The Man from U.N.C.L.E. review

Guy Ritchie warms up the Cold War with his deliberately retro pastiche of '60s spy movies

Having already reworked Conan Doyle's master detective for the bigscreen, director Guy Ritchie now turns his attention to the iconic figure of the gentleman spy with this cinematic 'reimagining' of the classic TV series The Man from U.N.C.L.E.

When a couple of wealthy Nazi-sympathisers set about building their own nuclear weapon, suave thief-turned-CIA agent Napoleon Solo (Henry Cavill) and KGB operative Illya Kuryakin (Arnie Hammer) must put aside their rivalry and work together to stop to the plan. Joining them on their mission is Gaby Teller (Alicia Vikander, below), the daughter of the German scientist building the weapon.

More of a prequel than a straight adaptation of the original series (it ends – spoiler alert! – with Solo and Kuryakin being reassigned to U.N.C.L.E.), Ritchie's film is a lightweight genre pastiche that happily coasts along on its gorgeous retro styling. It also helps that the cast have such terrific chemistry, particularly Cavill and Hammer who spark off one another brilliantly.

The plot is fairly inconsequential stuff, no matter how many double-, triple- or quadruple-crosses the scriptwriters introduce. As Summer blockbusters go, it's a curiously laid-back affair. But even so, we wouldn't be averse to joining this pair of spies on another mission.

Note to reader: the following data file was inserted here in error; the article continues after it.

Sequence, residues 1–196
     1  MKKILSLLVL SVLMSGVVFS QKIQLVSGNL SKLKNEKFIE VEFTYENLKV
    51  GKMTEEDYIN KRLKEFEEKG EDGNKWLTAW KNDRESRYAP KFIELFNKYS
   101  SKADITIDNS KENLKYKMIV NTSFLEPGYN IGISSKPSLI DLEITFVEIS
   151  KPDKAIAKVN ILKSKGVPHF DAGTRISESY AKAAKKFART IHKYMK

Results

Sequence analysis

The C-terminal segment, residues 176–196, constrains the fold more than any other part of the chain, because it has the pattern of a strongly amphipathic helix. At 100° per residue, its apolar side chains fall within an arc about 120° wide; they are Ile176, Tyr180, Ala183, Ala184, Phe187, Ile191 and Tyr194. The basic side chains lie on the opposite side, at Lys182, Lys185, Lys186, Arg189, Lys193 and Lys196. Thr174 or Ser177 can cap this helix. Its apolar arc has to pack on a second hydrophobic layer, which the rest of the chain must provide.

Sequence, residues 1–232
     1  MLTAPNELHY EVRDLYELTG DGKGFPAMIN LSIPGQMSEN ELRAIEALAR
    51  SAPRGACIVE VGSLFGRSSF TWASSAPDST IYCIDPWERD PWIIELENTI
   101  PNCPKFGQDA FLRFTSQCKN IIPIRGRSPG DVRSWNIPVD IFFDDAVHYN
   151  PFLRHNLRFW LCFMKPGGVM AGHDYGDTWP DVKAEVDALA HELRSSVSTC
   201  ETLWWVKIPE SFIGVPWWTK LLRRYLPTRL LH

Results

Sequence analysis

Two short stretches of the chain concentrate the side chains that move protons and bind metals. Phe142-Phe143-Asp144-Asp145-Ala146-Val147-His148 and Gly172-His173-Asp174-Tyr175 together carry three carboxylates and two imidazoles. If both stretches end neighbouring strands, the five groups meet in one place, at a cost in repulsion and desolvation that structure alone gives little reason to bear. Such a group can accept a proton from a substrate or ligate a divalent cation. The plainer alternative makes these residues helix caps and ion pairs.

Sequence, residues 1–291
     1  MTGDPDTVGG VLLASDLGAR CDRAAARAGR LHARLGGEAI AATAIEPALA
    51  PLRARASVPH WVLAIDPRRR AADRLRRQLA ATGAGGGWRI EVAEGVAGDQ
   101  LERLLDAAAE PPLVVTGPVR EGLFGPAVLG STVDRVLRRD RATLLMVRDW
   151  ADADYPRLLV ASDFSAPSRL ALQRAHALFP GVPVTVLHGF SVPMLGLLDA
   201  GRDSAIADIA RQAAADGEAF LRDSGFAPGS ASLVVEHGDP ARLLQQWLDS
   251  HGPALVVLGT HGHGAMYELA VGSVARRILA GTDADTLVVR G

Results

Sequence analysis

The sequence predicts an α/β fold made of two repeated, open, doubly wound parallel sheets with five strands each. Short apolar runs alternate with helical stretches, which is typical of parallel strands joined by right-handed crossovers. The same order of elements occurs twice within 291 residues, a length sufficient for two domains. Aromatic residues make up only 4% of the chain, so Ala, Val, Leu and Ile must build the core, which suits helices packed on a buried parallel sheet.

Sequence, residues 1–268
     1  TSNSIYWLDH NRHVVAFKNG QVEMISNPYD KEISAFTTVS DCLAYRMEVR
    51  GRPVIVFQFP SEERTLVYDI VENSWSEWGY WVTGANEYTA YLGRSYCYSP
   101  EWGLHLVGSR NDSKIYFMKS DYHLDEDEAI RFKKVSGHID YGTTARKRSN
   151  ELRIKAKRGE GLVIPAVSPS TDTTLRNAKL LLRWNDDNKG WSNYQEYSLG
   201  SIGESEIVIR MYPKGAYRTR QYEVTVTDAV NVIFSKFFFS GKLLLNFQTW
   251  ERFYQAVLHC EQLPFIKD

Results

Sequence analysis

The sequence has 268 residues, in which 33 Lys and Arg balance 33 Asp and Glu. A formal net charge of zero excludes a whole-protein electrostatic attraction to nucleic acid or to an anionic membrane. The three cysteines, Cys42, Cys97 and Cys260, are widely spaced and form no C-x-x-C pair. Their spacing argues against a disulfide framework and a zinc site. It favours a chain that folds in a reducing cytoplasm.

Movie rating: 3.5/5

Picture: The Man from U.N.C.L.E. looks rather spiffy on Blu-ray. While there is a tendency towards teal and orange tinting during the opening sequence and a few scenes after that (which has the knock-on effect of making blacks look more like dark blues), on the whole the colour reproduction is first-rate.

The clarity and sharpness inherent in the platter's AVC 2.40:1 1080p encode also lends the visuals a pleasing sense of depth. Strong image definition also ensures that plenty of subtle textures and details are revealed in close-up shots.
Picture rating: 4.5/5

Audio: The Man from U.N.C.L.E. sports a Dolby Atmos soundtrack on Blu-ray, but if you have to stick with the core Dolby TrueHD mix then it's arguable that you won't miss out on much.

Outside of a helicopter flyover in Chapter 9 there's little use made of specific effects placement in the Atmos height plane. The sound designers tend to favour more generalised ambience, such as helping the music swell over you as the final attack on the compound gets under way (Chapter 10).

Thankfully, the rest of the speaker array gets a real workout, with constant use of the surrounds and a rich vein of LFE.
Audio rating: 4.5/5

Extras: Bonus features are about as light and frothy as the film itself. All that's on offer are five brief Making of… featurettes and four (even shorter) behind-the-scenes vignettes.
Extras rating: 2/5

We say: This spy flick looks as sharp as one of Napoleon Solo's tailored suits in high-definition

The Man from U.N.C.L.E., Warner Bros., All-region BD, £25 approx